Efficient Routing In Wireless Sensor Networks Synopsis Computer Science Essay

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A pervasive network consists of heterogeneous devices with different computing, storage, mobility and connectivity properties working together to solve real-world problems. The emergence of wireless sensor networks has enabled new classes of applications in pervasive world that benefit a large number of fields. A wireless sensor network consists of light-weight, low power, small size sensor nodes. A typical wireless sensor network configuration consists of sensors working unattended and transmitting their observation values to some processing or control center, the so called sink node, which serves as a user interface. Due to the limited transmission range, sensors that are far away from the sink deliver their data through multi hop communications, i.e., using intermediate nodes as relays. The generation of data at source nodes occurs either proactively or in response to some request.

A fundamental problem in wireless sensor networking is how to deliver data packets among nodes efficiently without predetermined topology or centralized control. Each node in the network functions as both a host and a router, and changes of network topology are distributed among the nodes. Design of efficient and reliable routing protocols in such a network is a challenging issue. In this work, solutions are proposed after analyzing the existing conditions that will extend the lifetime of the sensor network.

1.1. Rationale

Unique characteristics of a WSN include limited power, ability to withstand harsh environmental conditions, ability to cope with node failures, mobility of nodes, dynamic network topology, communication failures, heterogeneity of nodes, large scale of deployment and unattended operation. The key challenge in wireless sensor networks is maximizing network lifetime. Energy efficiency and network capacity are perhaps two of the most important issues in wireless ad hoc networks and sensor networks. Their new requirements need optimized solutions at all layers of the protocol stack in an attempt to optimize the use of their scarce resources. In particular, the routing problem, has received a great deal of interest from the research community with a great number of proposals being made. The main objective of this work is to maximize the life time of the network by efficient routing.

The layering paradigm designed for the wired networks limits the overall functionalities of the wireless sensor networks as the very physical nature of the transmission medium is different. To overcome these limitations, a modification of the layering paradigm has been proposed, namely, cross-layer design. The different parameters can be intelligently exchanged in multi-hop wireless networks to select a route which has: more link life, good signal strength, less interference and noise ratio, less media access delay, more bandwidth and throughput and less congestion.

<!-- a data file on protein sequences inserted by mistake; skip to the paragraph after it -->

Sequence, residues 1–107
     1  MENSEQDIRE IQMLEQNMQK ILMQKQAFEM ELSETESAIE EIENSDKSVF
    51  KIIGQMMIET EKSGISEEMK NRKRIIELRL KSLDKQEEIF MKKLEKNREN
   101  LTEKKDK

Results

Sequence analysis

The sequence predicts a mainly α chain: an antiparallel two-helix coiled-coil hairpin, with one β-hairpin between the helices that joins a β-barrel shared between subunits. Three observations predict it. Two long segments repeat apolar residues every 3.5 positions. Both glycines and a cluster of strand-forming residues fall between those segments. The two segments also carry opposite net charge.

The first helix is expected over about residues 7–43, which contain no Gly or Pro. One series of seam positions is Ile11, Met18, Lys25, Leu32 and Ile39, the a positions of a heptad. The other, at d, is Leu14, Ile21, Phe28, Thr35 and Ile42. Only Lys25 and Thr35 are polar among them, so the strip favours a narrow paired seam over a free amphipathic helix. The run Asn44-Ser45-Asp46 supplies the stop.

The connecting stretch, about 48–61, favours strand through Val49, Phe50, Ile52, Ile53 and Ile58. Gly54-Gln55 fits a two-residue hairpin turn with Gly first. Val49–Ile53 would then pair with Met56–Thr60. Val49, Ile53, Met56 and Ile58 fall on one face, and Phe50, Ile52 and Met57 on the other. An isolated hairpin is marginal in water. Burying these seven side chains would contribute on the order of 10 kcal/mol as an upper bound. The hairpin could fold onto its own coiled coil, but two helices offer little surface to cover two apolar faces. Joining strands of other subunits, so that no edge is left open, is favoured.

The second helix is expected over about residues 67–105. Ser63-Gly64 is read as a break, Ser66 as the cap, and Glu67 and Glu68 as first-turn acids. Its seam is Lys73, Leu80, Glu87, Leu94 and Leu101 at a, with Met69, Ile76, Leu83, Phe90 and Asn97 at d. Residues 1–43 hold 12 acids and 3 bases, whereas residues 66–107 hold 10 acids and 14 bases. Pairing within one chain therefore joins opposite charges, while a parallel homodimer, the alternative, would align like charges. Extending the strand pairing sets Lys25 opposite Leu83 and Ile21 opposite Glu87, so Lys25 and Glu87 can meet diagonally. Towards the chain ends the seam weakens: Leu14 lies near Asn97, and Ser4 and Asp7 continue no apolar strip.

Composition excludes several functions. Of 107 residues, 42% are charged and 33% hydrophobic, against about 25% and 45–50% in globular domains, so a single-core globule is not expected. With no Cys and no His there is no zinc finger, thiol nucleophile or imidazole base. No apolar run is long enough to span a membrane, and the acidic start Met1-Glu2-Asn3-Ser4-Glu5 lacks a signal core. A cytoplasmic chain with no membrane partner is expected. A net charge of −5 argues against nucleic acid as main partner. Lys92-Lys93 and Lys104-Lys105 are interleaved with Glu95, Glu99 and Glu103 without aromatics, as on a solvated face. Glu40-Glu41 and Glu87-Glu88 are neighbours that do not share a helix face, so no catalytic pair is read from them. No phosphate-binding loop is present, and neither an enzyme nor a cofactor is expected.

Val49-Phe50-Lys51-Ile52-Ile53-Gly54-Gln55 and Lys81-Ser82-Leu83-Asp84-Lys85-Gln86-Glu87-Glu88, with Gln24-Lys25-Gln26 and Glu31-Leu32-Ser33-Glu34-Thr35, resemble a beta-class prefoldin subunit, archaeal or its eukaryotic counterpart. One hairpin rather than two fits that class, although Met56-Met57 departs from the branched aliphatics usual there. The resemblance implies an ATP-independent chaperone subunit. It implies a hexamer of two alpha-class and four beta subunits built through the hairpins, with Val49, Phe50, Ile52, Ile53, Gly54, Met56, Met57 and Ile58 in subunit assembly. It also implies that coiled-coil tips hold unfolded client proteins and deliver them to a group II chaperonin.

Many routing protocols have been developed to meet the unique and challenging characteristics of WSNs. No standards for routing have been developed yet for WSNs, nor has any protocol gained a dominant position among the research community. The assumption of homogeneous nodes does not always hold in practice since even devices of the same type may have slightly different maximal transmission power. There is very less research work done related to heterogeneous sensor networks. This research work addresses the issue of designing WSN routing methods for both stationary and heterogeneous networks that feature energy efficiency.

1.2. Scope

The main focus of this work is to analyse and investigate existing routing protocols for WSN and identify areas of improvement and to consider energy efficient routing protocols for stationary as well as heterogeneous sensor networks. Applications of wireless sensor networks often include sensitive information such as enemy movement on the battlefield or the location of personnel in a building. Lacking security services in the routing protocols, WSNs are vulnerable to many kinds of attacks. In this research work, an secure energy efficient routing protocol is also studied. Also random geometric graph as a mathematical model of WSN , and its properties are studied. A new graph model is proposed to represent heterogeneous sensor networks. Finally the social implications of pervasive computing in general and its impact on health, education and agriculture are investigated.

1.3. Research Design - Simulation

The GloMoSim library is used for protocol development in sensor networks. The library is a scalable simulation environment for wireless network systems using the parallel discrete event simulation language PARSEC. Intel Research Berkeley Sensor Network Data and WiFi CMU data from Select Lab are used to get the positions for the nodes. Data collected from 54 sensors deployed in the Intel Berkeley Research lab between February 28th and April 5th, 2004 is used for location. The new protocol is written in Parsec and hooked to GloMoSim.

1.4 Chapters Description

The thesis consists of the following chapters.